Say, that was a nice effort in The Oz today to try to spoil Fairfax’s Nielsen poll, which — as everyone expected — confirmed that last week’s Newspoll was a rogue. “Rudd too soft on boats” it shrilled, doubtless hoping to distract from Nielsen.
When the next Newspoll two-party preferred figure emerges — presumably tomorrow — hopefully it will only show a mild uptick in the Government’s fortunes, rather than a full return to the levels being tracked by other polls (including last Friday’s Morgan poll, which had Labor 61-39). Otherwise The Oz will be stuck with the ignominy of having to write those terrible “Rudd surges back to popularity” stories. And we all know how those make Dennis Shanahan cry.
Last week demonstrates how it’s not merely politicians who try to sell us narratives. The narrative pushed by The Oz was that the Prime Minister was so mortified by the Newspoll result when he saw it last Monday evening that he immediately launched a media blitz to defend his position. So, even if the next Newspoll shows a return to the normal 2PP gap, The Oz gets to flaunt its “agenda-setting” credentials.
The timing doesn’t support that, since the Prime Minister’s media blitz was launched Monday afternoon before the Newspoll figures became available. The story also assumes that it took an opinion poll for the Government to realise it hadn’t been handling the asylum seeker issue with the aplomb it normally shows. One listen to talkback radio, or their own backbench, would have told them that.
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The notion that Rudd’s team sits in splendid isolation waiting only for News Ltd representatives to convey some evidence of what’s really happening in Voterland is a quaint and, I have to admit, kind of appealing mainstream media construct.
Despite the current statistical noise, perhaps the Newspoll was some sort of canary in the coalmine for the Government. After all, it is hard to believe the Government’s popularity can just keep on keeping on. Surely it must start to slide back to political reality eventually. But the more likely victim, should the numbers return to honeymoon levels, is The Oz itself. However much the result was a rogue number which, statistically-speaking, is simply unavoidable every so often, the impression is yet again that News Ltd has it in for Labor and skews its coverage to serve that agenda.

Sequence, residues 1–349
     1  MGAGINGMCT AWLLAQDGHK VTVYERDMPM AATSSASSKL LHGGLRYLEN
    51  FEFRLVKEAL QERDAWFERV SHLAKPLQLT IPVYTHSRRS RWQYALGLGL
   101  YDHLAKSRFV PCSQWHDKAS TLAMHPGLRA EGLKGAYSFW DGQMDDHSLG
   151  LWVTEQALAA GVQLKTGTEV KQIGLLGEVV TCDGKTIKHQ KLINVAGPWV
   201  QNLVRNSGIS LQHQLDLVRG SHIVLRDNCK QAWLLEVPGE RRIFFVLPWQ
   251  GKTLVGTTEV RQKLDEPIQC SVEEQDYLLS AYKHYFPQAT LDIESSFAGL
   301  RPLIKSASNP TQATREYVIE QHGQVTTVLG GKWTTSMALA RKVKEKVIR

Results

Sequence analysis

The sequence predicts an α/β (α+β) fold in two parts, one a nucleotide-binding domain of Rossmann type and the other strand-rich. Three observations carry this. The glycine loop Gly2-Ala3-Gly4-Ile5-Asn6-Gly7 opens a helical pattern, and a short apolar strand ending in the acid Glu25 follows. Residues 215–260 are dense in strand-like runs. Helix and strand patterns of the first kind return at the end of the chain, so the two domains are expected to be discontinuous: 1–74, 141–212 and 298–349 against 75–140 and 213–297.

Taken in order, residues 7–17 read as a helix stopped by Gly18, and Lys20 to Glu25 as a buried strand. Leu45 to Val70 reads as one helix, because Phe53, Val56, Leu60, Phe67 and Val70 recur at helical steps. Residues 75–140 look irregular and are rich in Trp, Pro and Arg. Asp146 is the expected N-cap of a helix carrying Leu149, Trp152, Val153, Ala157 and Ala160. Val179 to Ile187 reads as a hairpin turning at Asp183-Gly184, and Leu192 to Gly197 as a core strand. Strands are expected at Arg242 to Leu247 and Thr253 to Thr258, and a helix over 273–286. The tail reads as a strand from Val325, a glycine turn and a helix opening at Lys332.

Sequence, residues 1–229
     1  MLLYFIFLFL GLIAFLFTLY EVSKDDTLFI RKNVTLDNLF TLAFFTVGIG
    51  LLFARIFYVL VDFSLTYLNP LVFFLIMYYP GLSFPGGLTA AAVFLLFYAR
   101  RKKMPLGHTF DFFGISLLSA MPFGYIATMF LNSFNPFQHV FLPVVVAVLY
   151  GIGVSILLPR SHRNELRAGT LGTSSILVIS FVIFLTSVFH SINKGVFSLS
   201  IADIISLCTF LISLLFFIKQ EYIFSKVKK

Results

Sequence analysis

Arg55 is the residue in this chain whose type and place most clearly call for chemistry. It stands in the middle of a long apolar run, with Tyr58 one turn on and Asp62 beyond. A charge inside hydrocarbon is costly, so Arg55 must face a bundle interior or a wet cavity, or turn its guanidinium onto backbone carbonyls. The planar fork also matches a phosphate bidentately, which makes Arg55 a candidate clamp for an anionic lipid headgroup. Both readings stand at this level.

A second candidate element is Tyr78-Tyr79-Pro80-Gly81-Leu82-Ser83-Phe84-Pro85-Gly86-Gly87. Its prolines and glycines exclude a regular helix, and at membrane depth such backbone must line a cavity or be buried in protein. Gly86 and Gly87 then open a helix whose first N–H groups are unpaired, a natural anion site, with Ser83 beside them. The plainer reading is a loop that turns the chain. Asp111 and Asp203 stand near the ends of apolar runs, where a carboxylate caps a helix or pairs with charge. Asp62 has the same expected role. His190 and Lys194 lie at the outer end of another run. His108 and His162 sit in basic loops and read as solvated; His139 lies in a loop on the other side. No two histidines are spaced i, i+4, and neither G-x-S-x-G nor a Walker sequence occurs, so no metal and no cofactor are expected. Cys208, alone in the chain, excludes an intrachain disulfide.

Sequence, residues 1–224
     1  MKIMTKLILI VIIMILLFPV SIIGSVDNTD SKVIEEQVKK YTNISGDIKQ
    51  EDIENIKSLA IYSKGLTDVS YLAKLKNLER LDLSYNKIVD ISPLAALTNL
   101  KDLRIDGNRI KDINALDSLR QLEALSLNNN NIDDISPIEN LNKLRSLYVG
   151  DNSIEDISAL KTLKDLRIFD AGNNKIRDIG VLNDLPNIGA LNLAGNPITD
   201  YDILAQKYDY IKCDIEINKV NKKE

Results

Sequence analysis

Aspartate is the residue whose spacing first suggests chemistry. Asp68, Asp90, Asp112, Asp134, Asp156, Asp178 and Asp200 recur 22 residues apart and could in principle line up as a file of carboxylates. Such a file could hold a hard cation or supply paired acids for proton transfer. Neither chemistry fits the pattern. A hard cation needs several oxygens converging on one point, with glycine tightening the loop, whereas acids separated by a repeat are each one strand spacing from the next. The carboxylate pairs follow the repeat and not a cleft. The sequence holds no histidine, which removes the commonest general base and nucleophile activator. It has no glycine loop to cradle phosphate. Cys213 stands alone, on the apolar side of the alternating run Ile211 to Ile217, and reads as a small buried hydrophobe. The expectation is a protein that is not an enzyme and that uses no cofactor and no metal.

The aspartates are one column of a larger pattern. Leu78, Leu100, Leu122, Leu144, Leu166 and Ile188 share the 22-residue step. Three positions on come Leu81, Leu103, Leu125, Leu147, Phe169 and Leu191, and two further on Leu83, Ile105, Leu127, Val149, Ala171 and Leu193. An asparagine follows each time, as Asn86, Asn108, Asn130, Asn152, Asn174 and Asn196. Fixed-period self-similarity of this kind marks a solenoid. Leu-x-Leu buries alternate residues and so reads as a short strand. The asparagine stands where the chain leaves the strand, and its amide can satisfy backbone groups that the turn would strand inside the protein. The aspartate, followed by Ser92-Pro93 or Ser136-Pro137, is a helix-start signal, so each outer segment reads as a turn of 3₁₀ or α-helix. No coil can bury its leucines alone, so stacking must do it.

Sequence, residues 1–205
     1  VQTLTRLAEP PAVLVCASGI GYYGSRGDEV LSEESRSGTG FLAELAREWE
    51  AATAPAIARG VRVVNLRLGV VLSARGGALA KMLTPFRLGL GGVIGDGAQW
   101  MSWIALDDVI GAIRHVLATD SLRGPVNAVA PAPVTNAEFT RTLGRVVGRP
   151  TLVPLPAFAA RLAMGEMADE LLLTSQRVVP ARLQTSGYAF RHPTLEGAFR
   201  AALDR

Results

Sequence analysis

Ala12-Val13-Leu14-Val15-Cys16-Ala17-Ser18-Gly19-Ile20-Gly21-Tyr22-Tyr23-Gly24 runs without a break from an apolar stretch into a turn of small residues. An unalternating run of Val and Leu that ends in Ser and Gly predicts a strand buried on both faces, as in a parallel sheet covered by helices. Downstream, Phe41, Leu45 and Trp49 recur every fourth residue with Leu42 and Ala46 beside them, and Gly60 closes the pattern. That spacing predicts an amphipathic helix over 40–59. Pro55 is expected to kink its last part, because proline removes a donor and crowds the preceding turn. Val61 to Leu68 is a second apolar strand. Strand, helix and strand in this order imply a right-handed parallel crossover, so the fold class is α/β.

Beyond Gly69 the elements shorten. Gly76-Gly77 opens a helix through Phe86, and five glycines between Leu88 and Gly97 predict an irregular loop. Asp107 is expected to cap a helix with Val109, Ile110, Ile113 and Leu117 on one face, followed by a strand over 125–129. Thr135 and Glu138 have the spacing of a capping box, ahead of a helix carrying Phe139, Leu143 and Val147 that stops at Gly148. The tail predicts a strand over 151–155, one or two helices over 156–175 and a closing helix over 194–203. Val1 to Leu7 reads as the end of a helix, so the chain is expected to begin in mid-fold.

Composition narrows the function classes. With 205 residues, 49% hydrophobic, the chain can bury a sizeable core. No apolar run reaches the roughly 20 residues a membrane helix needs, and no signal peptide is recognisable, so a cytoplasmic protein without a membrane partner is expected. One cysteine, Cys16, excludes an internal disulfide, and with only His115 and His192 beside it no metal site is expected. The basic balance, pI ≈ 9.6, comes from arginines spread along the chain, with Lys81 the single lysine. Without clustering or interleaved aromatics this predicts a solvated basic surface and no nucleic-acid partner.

The problem isn’t so much of bias as of predictability. After having railed at a conference last week against “digital ghettos”, I found myself cancelling my subscription to the Weekend Australian yesterday because I found, for the umpteenth time, that I could accurately predict what virtually every columnist or commentator, and even many of its journalists, have to say.
The only constant exception is Lenore Taylor, whose analysis and journalism are consistently of the highest quality, and, oddly, Greg Sheridan, who remains torn between loathing the Left and cherishing a Prime Minister as obsessed with foreign policy as Sheridan himself. Otherwise, I don’t actually need to read it to know what I’ll be told.
Given that The Australian is, along with the narrowly-focussed AFR, the only masthead to treat national affairs seriously, it’s a deeply worrying trend given the parlous state of quality journalism in Australia.
This week, the agenda will start moving back the Government’s way. 4 Corners will cause merry hell for Malcolm Turnbull tonight on the CPRS, setting up next week’s return to Parliament for the final session of the year. The spotlight will be back where the Government wants it, on its opponents, and if history is any guide, a number of them will reflexively seize the chance to demonstrate just how disunited they are. That applies particularly to climate denialists, who are starting to believe they’re being taken seriously by the public and just need to get some more profile in order to knock this greenhouse nonsense on the head.
And just for laughs, Malcolm Turnbull’s office has now been dragged into the cesspool of NSW Liberal factional wars, with junior staffer and Turnbull’s Twitter alter-ego Tom Tudehope having to quit over something as trivial as a Downfall video.
Downfall video parodies are so 2008 — remember the plague of them about NSW Labor under Iemma? — but it was fun watching mainstream media journalists having to patiently explain to their readers that the video “shows an actor playing Hitler ranting in German to his lieutenants.” At least Julie Bishop joined in the spirit of things by saying, Sgt Schultz-like, that she “knew nothing” about the video.
The Government may have had a shocker of a week last week, but they come with the territory. For Malcolm Turnbull, every week is a shocker and they don’t look like improving any time soon.